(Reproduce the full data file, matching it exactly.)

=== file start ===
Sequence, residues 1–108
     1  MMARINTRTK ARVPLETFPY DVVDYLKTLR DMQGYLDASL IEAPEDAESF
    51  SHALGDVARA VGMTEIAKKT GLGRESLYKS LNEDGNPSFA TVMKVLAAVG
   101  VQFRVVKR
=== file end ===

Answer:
Sequence, residues 1–108
     1  MMARINTRTK ARVPLETFPY DVVDYLKTLR DMQGYLDASL IEAPEDAESF
    51  SHALGDVARA VGMTEIAKKT GLGRESLYKS LNEDGNPSFA TVMKVLAAVG
   101  VQFRVVKR